Wallace worked in the 1900s and 1910s in several journals, among them Daily Mail (1903-1907), Standard (1910), The Week-End Racing Supplment (1910-12), Evening News (1910-1912), The Story Journal (1913), Town Topics (1913-16). He was later a racing columnist for The Star (1927-32) and Daily Mail (1930-32). During World War I Wallace was a special interrogator for the War Office. In 1921 he married his secretary and second wife, Violet King, who was twenty-three years younger than himself, and with whom he had one daughter.
The Green Archer (1923) is one of the most famous novels of Wallace. It is a story about a man who is found murdered after a quarrel with the owner of a ghost-haunted castle. It was filmed at least three times. The critic and awarded mystery writer H.R.F. Keating listed The Mind of Mr. J.G. Reeder (1925) among his Crime & Mystery: The 100 Best Books (1996): "There is the economy of the writing. We get a good picture, both physically and mentally, of out her in some three lines. There is an easy vividness in that 'slither of side-whisker'. . . . And there is a nice touch of humous in that reference to out hero's ears. Wallace has been compared, perhaps a trifle ambitiously, to his friend P.G. Wodehouse." (Ibid,, pp. 31-32). Mr Reeder works for the office of the Public Prosecutor, he is "something over fifty, a long-faced gentleman with sandy-grey hair and a slither of side whiskers that mercifully distracted attention from his large outstanding ears." Supernatural themes do not appear very often in Wallace's works. Spiritualism and ghosts are dealt in such short stories as 'Death Watch', filmed in 1933 with Warner Oland, 'The Ghost of John Holling', filmed in 1934, and 'The Ghost of Down Hill', later adapted in the sixties for the Edgar Wallace Mystery Theatre series.
"I'm perfectly certain it wasn't a ghost," she said.
Wallace wrote his works at a prodigious pace, among others one of his most popular plays, On the Spot (1931), was finished in four days. The 75,000 word novel The Coat of Arms (1931) was penned in a weekend. His autobiography, People; Edgar Wallace: The Biography of a Phenomenon, came out in 1926. At the highest peak of Wallace's career in the 1920s, one of his numerous publishers claimed that a quarter of all books read in England was written by him. Most of Wallace's novels were spoken into a dictaphone, typed up by his wife or a secretary, and then corrected. His skill in creating lively dialogue was noted by film makers who used eagerly his texts for films. Wallace also wrote screenplays – among others some dialogue The Hound of Baskervilles (1931), directed by V. Gareth Gundrey.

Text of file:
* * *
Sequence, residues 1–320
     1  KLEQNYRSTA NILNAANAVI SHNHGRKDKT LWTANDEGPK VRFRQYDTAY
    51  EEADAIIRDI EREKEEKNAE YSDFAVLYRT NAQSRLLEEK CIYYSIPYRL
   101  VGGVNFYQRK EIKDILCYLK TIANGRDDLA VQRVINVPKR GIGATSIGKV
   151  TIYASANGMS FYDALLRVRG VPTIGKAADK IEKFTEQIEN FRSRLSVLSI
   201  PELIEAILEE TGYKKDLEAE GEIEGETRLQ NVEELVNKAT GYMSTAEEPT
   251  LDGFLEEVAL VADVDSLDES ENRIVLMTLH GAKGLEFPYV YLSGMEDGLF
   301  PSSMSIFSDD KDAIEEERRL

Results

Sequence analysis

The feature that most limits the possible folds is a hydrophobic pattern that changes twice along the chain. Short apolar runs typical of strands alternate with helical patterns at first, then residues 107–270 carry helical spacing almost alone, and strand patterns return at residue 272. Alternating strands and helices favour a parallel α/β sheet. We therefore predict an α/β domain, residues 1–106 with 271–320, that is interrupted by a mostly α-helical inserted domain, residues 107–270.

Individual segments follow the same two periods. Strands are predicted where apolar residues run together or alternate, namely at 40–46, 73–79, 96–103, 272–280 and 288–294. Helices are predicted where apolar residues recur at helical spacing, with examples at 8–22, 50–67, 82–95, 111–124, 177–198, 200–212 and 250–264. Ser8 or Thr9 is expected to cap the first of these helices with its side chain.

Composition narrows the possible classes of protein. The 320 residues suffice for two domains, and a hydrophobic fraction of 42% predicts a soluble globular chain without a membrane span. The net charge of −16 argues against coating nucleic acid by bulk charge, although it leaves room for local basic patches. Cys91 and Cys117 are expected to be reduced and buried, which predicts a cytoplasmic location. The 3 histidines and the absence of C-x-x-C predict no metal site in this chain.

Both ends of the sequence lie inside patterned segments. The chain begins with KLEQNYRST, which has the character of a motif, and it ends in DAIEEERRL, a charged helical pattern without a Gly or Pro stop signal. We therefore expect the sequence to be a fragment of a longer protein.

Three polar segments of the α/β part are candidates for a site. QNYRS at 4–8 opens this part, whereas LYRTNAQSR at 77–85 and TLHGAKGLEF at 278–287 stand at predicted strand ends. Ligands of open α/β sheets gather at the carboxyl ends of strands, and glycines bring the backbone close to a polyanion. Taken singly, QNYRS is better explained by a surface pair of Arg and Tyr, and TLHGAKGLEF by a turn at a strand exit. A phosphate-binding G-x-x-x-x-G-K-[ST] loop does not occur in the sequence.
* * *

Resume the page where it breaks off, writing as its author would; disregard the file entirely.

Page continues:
"There is a tradition in criminal circles that even the humblest of detective officers is a man of wealth and substance, and that his secret hoard was secured by thieving, bribery and blackmail. It is the gossip of the fields, the quarries, the tailor's shop, the laundry and the bakehouse of fifty county prisons and three convict establishments, that all highly placed detectives have by nefarious means laid up for themselves sufficient earthly treasures to make a work a hobby and their official pittance the most inconsiderable portion of their incomes." (from 'The Treasure Hunt', in The Mind of Mr. J.G. Reeder, 1925)
Wallace earned extremely well from his writings, but he lost
fortunes because of his extravagant lifestyle and obsessive betting on
the wrong horses. He enjoyed his success, spent much time in Carlton,
London's most expensive hotel, and was magnificently generous. However,
when Wallace's mother had visited him in 1903, he had rejected her. She
died alone in the city hospital. Later Wallace felt deep remorse for
what he had done. Wallace's literary estate was not profitable until
1934. Hundreds of films have been made from his novels and short
stories, also plays and television series in England (1959).
In Germany the series of Wallace adaptations became the nation's most popular screen entertainment. Rialto studios produced for German audience 32 films from 1959. Among the actors were Klaus Kinski and the dark, beautiful Finnish born actress Anneli Sauli under the name Ann Savo. She played in Die Toten Augen von London (1961) and in Der Hexer (1964), both directed by Alfred Vohrer. Joachim Kramp has written in Hier spricht Edgar Wallace – Die Geschichte der deutschen Kriminalserie von 1959-72 more about the film series. In 1960 Jack Greenwood produced in England a series of short screen adaptations for British and American television use under the title Edgar Wallace Mystery Theater.